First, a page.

Are the Issues Defined?  Scoping is an important part of the NEPA process and should be performed early. Internal scoping, which is done before the formal public scoping is initiated, can often identify information on the project that is needed to perform a NEPA analysis, as described above, as well as help identify the important issues that should be considered and those topics that don't require emphasis or detailed analysis. The latter, which can greatly reduce the overall level of effort for preparing a NEPA document, is often overlooked. The internal scoping process, is also important for ensuring a mutual understanding of the project and the approach to the NEPA analysis amongst the agency, contractors, project proponent, and other stakeholders. A mutual understanding is important for reducing internal conflicts or disagreements occurring late in the process when a NEPA document is substantially complete. The scoping process also helps identify issues important to the public, state and local agencies and officials, and other interested parties (especially those that may be in opposition). Many delays in the NEPA process can be attributed to new issues that arise late in the process that could have been identified through more rigorous scoping.

What are the External Forces? In addition to defining the project and obtaining the necessary data to support a NEPA document, there are many external forces that can introduce challenges to completion of the NEPA process. One external factor can be organized public and political opposition that can prolong the scoping process, result in the addition of new alternatives, generate administrative and technical burdens related to addressing a high volume of comments or technical concerns, and generate increased levels of document scrutiny within the agency. Increased scrutiny can create an environment where schedules are extended in the pursuit of preparing a perfect document, versus a high-quality document that supports the decision-making process. Similarly, delays in obtaining required input or approvals from other government agencies can affect the overall NEPA timeline. The potential for these delays can often be minimized by appropriately integrating these agencies into the NEPA process, but other factors such as workloads and staffing levels within an agency, or specific data requirements of the agency (e.g., the need for time of year dependent studies) can result in project delays. Furthermore, issues related to project feasibility including financing, siting, and other technical feasibility issues that are not related to NEPA can result in projects being placed on hold while these issues are resolved - yet, the NEPA clock keeps ticking. And lastly, sometimes certain projects are simply not a high priority for the project proponent, and there is not a significant driver for completing the project and the NEPA process in a timely manner.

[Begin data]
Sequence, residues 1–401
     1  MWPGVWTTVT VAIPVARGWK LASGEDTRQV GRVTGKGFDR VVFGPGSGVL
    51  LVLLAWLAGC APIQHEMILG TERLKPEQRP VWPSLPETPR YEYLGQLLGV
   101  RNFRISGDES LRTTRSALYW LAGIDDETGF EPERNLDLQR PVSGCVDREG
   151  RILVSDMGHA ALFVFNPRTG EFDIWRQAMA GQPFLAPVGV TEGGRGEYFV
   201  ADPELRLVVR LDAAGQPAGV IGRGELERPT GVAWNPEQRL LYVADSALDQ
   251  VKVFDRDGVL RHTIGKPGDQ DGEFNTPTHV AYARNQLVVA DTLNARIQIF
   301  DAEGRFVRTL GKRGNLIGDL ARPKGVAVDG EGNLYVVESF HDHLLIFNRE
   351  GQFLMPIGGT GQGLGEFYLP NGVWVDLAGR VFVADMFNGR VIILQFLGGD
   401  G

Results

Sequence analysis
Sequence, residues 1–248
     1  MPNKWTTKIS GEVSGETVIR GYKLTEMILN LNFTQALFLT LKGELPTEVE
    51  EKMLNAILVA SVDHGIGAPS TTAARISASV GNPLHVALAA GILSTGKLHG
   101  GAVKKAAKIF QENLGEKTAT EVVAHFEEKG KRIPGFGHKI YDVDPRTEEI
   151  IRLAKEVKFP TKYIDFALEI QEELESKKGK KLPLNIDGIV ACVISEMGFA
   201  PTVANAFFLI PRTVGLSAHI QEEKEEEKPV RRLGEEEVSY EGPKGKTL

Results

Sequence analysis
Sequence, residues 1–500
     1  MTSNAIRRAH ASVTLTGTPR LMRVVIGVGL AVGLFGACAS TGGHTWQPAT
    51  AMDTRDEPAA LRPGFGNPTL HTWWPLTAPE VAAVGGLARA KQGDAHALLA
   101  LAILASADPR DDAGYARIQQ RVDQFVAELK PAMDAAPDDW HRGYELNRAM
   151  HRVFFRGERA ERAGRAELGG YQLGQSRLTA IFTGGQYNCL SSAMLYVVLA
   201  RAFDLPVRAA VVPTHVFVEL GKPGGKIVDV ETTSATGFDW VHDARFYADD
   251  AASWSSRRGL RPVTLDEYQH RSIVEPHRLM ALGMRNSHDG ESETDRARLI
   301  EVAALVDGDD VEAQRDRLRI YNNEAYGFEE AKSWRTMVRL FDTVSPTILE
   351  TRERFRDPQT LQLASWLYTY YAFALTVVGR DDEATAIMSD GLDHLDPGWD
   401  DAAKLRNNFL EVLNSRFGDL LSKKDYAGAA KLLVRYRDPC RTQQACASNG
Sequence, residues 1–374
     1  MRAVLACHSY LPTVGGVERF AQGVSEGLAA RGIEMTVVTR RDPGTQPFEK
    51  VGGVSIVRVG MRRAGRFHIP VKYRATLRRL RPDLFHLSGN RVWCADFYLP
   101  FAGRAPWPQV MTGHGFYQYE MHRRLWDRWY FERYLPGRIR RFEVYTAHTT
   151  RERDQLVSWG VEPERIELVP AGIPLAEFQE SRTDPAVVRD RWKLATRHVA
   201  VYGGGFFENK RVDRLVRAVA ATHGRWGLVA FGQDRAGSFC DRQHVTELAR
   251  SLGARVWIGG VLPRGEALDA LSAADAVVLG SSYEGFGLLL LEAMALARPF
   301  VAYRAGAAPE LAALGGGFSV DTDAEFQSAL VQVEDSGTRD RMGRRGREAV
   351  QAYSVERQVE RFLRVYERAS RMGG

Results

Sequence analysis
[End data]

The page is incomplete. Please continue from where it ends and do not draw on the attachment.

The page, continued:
Strategies that Reduce the Overall Timeline


Most projects subject to an EA or an EIS process have their own unique challenges, although many are relatively straightforward and should be able to be completed in a reasonable amount of time. However, aggressive schedules are also attainable for even complex and challenging projects under the right circumstances and when NEPA is effectively executed. Projects that break the norm for crossing the finish line early usually have the following attributes: leadership emphasis and attention within the lead agency; a strong federal NEPA manager; and an experienced and capable NEPA support team that employ some, if not all, of the following techniques.

Clearly Defining the Project and Decisions to be Made.  The first step in ensuring schedule success is to not start the race before it begins. This is an area where the federal NEPA manager can really make a difference by ensuring the project is reasonably defined and there is a clear understanding of the purpose and need and decisions to be made, before formally initiating the process. In addition, having an experienced NEPA team on board can ensure that aspects of the project needed for the NEPA analysis are well defined, that uncertainties for the project are identified and reasonably bounded, and that environmental factors are incorporated as part of early project planning in order to minimize potential for environmental impacts and issues (e.g., avoiding sensitive resources to the extent practical). With clear project definition and agency action, the NEPA team can start the process with a solid foundation upon which everything else in the process is built. This minimizes the potential for project starts, stops, and rework, and is the first step to completing the process in a timely manner.